Across the Provinces - Canadian housing expected to reach new benchmark


The national average house price is expected to rise 9.1% – to $ 620,400 – in 2021, the Canadian Real Estate Association (CREA) said today. Supply shortages, especially in Ontario and Quebec, are expected to drive strong price growth, while Alberta and Saskatchewan are expected to see average prices rise after several years of depreciation, the group said. “Current trends and outlook for housing market fundamentals suggest that activity will remain relatively healthy through 2021, with prices continuing to rise or remaining stable in all regions,” CREA said in a press release.

CREA, which represents more than 130,000 real estate agents across the country, also reported that national home sales continued to reach historically high levels in November, with sales up 32.1% from November 2019.

Home sales slowed in October but the average price rose 15% last year, according to ACI So far this year, some 511,449 homes have traded hands on Canadian MLS systems, up 10.5% compared to the first 11 months of last year. “Many Canadian real estate markets continue to experience historically strong levels of activity, so much so that a new annual sales record this year seems more likely every day,” said ACI President Costa Poulopoulos in the press release. Robert Kavcic, senior economist at BMO, said the housing market is expected to remain healthy in 2021, even as home sales and starts decline from current high levels. “Markets outside the core of major cities remain extremely tight and price growth is expected to continue through 2021,” he said in a comment. “It remains to be seen how the ravenous acquisition of rural / vacation properties plays out later in 2021 and 2022, assuming the [COVID-19] vaccine is effective. It would be reasonable to expect these markets to cap or even recoup some (but not nearly all) of the recent price gains.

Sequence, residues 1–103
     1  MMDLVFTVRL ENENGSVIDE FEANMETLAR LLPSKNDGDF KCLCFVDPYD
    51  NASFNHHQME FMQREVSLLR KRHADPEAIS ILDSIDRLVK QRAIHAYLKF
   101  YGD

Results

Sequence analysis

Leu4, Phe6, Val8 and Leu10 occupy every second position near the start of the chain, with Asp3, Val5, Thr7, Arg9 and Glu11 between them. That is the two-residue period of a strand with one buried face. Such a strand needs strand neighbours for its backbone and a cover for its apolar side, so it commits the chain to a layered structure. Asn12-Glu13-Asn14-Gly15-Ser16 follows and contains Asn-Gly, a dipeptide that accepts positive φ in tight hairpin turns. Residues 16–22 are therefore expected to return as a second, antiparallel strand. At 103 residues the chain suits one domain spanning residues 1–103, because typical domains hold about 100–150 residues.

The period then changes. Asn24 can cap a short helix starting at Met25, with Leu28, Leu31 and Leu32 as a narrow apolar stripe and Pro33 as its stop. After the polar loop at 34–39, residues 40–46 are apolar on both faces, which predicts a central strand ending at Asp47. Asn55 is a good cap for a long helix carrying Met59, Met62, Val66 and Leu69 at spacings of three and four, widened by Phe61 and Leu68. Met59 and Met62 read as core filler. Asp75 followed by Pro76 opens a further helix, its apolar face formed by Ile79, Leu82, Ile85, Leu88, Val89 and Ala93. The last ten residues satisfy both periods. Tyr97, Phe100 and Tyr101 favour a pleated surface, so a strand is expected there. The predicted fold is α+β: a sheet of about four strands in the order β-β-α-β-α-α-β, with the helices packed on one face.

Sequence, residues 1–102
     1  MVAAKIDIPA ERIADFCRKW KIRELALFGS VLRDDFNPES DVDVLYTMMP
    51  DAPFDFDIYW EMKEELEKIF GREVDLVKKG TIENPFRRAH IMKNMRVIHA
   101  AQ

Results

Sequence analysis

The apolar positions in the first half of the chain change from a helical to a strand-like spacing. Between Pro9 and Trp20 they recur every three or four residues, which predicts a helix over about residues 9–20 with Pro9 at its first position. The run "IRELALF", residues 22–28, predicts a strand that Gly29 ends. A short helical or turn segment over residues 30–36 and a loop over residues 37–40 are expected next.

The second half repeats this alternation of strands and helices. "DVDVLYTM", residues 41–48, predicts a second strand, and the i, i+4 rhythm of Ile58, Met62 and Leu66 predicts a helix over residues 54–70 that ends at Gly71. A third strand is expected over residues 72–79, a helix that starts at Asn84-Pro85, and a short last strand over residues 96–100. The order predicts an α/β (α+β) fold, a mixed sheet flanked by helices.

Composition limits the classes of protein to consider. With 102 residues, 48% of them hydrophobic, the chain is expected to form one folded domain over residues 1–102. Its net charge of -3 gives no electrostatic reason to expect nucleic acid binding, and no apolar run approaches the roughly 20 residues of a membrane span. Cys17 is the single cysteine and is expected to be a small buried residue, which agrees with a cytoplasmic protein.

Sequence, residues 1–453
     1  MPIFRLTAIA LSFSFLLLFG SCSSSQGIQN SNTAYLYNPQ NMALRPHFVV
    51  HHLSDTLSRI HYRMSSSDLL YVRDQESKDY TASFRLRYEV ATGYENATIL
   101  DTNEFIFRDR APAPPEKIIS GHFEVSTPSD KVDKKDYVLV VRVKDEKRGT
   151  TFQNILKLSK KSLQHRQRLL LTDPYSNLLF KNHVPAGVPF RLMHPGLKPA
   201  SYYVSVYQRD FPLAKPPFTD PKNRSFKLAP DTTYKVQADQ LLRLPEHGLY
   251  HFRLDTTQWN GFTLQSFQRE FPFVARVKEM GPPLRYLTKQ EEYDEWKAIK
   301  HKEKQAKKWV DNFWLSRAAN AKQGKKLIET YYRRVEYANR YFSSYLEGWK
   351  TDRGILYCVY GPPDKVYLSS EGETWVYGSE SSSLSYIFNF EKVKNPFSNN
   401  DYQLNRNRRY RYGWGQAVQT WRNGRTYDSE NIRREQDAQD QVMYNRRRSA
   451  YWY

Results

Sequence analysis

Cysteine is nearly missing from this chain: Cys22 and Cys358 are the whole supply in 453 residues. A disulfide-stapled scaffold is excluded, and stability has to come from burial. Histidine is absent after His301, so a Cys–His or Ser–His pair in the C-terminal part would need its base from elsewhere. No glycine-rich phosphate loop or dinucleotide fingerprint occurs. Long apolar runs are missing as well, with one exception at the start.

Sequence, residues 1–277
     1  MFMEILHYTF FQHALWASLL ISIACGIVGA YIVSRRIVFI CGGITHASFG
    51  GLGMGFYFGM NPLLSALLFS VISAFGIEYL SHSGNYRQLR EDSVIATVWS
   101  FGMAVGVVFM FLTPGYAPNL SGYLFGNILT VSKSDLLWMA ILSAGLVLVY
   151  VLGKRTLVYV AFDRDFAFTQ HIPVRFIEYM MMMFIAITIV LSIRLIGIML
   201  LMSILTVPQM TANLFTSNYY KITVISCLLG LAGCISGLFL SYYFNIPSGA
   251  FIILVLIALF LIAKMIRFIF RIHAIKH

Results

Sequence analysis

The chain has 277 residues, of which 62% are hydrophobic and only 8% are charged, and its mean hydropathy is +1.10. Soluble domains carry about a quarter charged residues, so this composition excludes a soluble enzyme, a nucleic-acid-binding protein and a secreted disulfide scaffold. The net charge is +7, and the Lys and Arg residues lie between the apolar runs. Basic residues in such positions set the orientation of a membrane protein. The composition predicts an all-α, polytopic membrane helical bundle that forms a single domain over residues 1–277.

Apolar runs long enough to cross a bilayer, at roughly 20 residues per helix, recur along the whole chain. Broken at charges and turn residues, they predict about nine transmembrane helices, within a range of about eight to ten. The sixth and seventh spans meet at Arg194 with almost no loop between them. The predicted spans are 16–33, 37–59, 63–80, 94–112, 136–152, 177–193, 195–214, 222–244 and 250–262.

In a separate press release, Canada Mortgage and Housing Corporation. (CMHC) reported a 14.4% increase in housing starts in November from the previous month. CMHC said the seasonally adjusted annualized housing starts rate for all regions of Canada was 246,033 units in November, up from 215,134 units in October. “As other sectors of the economy are gripped by the second wave of COVID, housing starts ignored all challenges and accelerated again in November,” said Royce Mendes, of CIBC’s economics division. He said November’s figure was not only the second highest this year, but also the second highest monthly reading since 2017. It also beat forecasters’ consensus projection of about 213,000. Multi-family housing starts led to an increase in November. CMHC said urban multi-family housing starts rose 22.5% to 177,661 units, while urban single-family housing starts fell 3.8 percent. % to 55,445 units. National rural housing starts were estimated at a seasonally adjusted annual rate of 12,927 units last month.